During the conversation, at which Ramos was present, Uribe Cruz pulled out a small-caliber gun and demanded Maria Martinez put money into a bag, Lisuzzo said.
Maria Martinez refused, and the two started fighting. That’s when Uribe Cruz allegedly shot his former aunt in the head several times. He told police he closed his eyes when he fired at Maria Martinez’s forehead, Lisuzzo said.
Hearing the shots, Noe Martinez Jr. came upstairs to help his sister. But it was too late. Uribe Cruz beat Noe Martinez Jr. with his gun and continued to punch and choke him, Lisuzzo said.
When Rosaura Martinez came up, hurled a picture frame at Uribe Cruz and threatened to call police, Uribe Cruz knocked her down the stairs, causing her to lose consciousness, Lisuzzo said.
Uribe Cruz then went downstairs to talk to the boys, grabbed two knives from the kitchen and stabbed Rosaura Martinez multiple times in the face, head and body while she was passed out on the floor, Lisuzzo said.
After asking the boys where they could find money, Ramos said she and Uribe Cruz ransacked the home, Lisuzzo said.
Uribe Cruz then coaxed Alexis into the basement and told police he “got [him] there with the same knife that I got the grandma,” Lisuzzo said. Leonardo could hear his younger brother’s screams and saw Uribe Cruz emerge upstairs alone.
Leonardo, who was shaking, asked what happened to his brother. Uribe Cruz told him that Alexis was fine and to go check to see if his grandpa was coming in, Lisuzzo said.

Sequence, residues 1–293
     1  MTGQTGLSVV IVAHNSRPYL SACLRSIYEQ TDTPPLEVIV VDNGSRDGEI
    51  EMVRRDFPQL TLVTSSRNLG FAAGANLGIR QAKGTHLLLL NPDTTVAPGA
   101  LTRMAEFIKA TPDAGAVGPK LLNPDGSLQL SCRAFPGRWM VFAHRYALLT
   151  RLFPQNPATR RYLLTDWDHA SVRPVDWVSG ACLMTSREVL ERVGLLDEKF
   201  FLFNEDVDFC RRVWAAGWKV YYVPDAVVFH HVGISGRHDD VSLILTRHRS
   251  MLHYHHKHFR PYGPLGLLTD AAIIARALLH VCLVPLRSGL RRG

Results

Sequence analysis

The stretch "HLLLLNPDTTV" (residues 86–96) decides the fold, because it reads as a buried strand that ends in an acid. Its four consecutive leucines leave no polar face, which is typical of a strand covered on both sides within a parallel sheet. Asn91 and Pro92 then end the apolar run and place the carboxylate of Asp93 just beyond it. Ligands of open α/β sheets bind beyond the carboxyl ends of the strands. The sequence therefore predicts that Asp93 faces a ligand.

The older boy was stabbed in the abdomen and was found lying next to the fireplace.
Uribe Cruz was initially leaving the house before Noe Martinez Sr. arrived but realized the back fence was locked, so he went back inside.
The eldest Martinez, who came home bearing the treats for his family, walked in to find Uribe Cruz bent down pretending to pick something up while holding a knife, Lisuzzo said.
Uribe Cruz then lunged at Noe Martinez Sr., stabbing him three times in the stomach, Lisuzzo said.
“Why are you killing me?” the man yelled out as he took his last breath. “I don’t owe you anything.”
Ramos allegedly told police she helped her boyfriend clean up the blood after the three generations of the Martinez family were killed. She mopped up while he washed his hands and both wiped down the door knobs, Lisuzzo said.
Ramos told detectives she didn’t want to leave any evidence behind because she didn’t want Uribe Cruz be taken away from her, Lisuzzo said.
Uribe Cruz told police he destroyed the gun and sold the stolen jewelry for $150 at a pawn shop, Lisuzzo said.
Ramos also said they got rid of the Xbox One, Lisuzzo said.
Uribe Cruz told his co-workers he had been jumped by three guys when asked about the visible cuts and scratches on his face.
But cellphone records show his mobile was at the crime scene at the time of the murders, Lisuzzo said.
Uribe Cruz’s DNA was traced to blood found on a concrete step outside the home, on a post by the back door, and in an area between the kitchen and porch, Lisuzzo said.
His DNA was also under the fingernails of Maria Martinez, prosecutors said.
Maria Martinez and the five others were discovered by police two days later after family and friends expressed concern over their lack of communication.
Neither Uribe Cruz, nor Ramos, both of the 2300 block of South Ridgeway, have criminal backgrounds, although Ramos has a pending misdemeanor theft case in the suburbs.
Assistant Public Defender Margaret Domin said Uribe Cruz, who is a manager at an electronic component company, had to drop out of Little Village High School to take care of his family.
He has received training as a barber and has worked construction, mostly doing indoor remodeling, Domin said.
Ramos attended high school in California before returning to her family in Chicago, Domin said.
She has worked as cashier in the past but was currently devoting her time to her child, Domin said.